“We go for change.” Such is the dictum that the College of Criminology has lived by through the years of its inception as one of the prolific and upbeat academic units at Foundation University.
It basks in the glory that it has given to the university recently as the number 1 top performing school in Region 7 for first takers of the licensure examination for criminologists under Category C or those with 15 up to 49 examinees. Foundation University posted a passing percentage for its first takers at 71.43 percent with 14 takers.
As Francis Jade Marimat, officer-in-charge of the College of Criminology, intones: “Today, there is a public stigma among graduates of Criminology as well as Criminology schools as we grapple with the burden of taking the cudgels for the negative publicity being reported about because of alleged violations of the law among uniformed personnel.”
According to Marimat, it is essential that the public should know that such untoward and unbecoming behavior, including anomalous deeds, are not exclusive to graduates of Criminology. “For one, Criminology graduates undergo academic discussions, trainings, and orientation on human behavior, professional conduct, and ethical standards as we instill discipline and expectations among aspiring law enforcers,” she elaborated, adding that it would be well to know the causes that triggered such action and to address the problems immediately.
Confessing that the pressure to give their best is more among the faculty and staff, Marimat qualifies that “it is because Criminology is a board course.” The College is mandated to abide by the provisions of Republic Act No. 11131 effective 2022 that states that for graduates to become registered criminologists, they need to reach an average of 75 percent. Moreover, in case of failure, the cadets – as how these students and graduates are referred to – have two chances to retake the licensure exam, otherwise they enroll anew in a refresher course.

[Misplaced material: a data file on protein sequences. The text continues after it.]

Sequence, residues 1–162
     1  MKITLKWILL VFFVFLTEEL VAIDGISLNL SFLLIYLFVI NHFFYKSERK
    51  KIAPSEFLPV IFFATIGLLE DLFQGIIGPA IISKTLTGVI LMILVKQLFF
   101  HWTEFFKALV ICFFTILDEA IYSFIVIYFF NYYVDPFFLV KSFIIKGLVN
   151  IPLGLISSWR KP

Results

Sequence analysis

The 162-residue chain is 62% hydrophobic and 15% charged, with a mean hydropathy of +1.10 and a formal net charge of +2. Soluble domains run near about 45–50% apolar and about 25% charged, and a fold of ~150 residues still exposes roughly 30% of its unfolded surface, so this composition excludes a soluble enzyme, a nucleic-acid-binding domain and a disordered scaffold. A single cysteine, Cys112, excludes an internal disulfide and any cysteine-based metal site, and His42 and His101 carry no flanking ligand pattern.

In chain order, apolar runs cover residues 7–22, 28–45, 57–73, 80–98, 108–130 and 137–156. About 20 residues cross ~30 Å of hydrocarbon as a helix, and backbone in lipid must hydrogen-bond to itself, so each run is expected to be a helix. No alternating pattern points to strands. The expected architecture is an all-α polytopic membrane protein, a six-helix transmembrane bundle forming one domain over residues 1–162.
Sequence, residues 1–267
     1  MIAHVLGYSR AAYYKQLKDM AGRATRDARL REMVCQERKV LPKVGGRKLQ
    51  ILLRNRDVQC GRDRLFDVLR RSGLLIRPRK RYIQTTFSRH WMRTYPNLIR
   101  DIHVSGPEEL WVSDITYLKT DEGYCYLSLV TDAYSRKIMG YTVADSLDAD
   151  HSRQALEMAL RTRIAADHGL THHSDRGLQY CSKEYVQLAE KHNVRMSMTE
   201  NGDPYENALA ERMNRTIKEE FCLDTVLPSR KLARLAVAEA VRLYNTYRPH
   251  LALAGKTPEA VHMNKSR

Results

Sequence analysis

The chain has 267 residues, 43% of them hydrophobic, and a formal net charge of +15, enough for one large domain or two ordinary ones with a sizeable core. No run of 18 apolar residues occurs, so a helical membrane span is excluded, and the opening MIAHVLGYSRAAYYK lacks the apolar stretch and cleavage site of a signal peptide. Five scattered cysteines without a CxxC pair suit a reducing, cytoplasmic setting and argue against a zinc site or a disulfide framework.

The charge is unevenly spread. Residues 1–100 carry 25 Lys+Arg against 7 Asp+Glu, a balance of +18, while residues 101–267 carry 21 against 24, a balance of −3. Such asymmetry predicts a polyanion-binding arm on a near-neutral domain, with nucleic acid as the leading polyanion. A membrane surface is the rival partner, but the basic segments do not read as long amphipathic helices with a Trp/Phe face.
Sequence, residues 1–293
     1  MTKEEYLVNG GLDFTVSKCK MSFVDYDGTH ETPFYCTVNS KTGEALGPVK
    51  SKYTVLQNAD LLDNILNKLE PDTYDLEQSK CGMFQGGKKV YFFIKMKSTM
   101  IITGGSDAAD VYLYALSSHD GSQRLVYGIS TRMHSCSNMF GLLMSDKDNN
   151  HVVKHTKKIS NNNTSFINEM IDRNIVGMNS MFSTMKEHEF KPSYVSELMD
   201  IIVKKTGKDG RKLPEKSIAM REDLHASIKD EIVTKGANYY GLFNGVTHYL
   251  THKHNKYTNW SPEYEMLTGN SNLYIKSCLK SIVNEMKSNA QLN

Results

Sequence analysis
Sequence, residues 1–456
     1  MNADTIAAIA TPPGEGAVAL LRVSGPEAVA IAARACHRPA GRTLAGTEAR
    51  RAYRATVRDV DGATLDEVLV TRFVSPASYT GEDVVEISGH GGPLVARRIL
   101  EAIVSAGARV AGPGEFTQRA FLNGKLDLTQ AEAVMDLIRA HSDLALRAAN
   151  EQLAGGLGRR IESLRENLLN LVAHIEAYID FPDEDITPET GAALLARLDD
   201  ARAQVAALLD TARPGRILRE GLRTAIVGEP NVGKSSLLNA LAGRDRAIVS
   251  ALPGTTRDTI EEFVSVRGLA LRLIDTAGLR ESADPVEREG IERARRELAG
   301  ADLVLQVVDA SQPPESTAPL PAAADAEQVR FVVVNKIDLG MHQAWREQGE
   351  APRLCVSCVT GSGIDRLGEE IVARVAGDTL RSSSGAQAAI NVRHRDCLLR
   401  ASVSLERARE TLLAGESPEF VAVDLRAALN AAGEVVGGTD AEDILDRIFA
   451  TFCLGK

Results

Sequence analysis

A stellar year for the College was in 2021 when it produced a top 10 in the regional licensure examination in the person of Carly Caldera, who is currently processing his application papers to join a law enforcement agency.
The University is an institutional member of the Professional Criminologists Association of the Philippines (PCAP), Inc. Last April, the College sent a delegation to the Second Regional Criminology Students Congress at the University of Cebu Main Campus, Cebu City.
Marimat shared that the College uses diversified approaches in the teaching-learning experience of the cadets, like outcomes-based education and self-paced learning. On their fourth year, the cadets also do hands-on experience in the University’s crime laboratory and fingerprint laboratory room, aside from assembling and disassembling guns and similar weapons.
The “heart” of the College is the Criminology Aptitude Training Unit (CATU) where the hub of trainings and activities are. Although, according to Marimat, the emphasis of the course is on the physical (brawn) as well as the analytical skills, it is also helpful that a Criminology graduate is well-rounded. Thus, the College through the CATU has sub-units where all cadets can choose where they may want to be members of. These are in the areas of first aid, mental health, talents, and digital media.
In the works is the formation of a Criminology alumni chapter soon. “Our alumni have seen the College growing and they want to be more visible and to check where they can be of help,” remarked Marimat.
Certainly, Marimat says they will not allow themselves to be affected by some negativities shrouding some law enforcement agencies. “If our cadets and graduates want to see change, they are the change,” Marimat concludes. (Dr. Cecile M. Genove)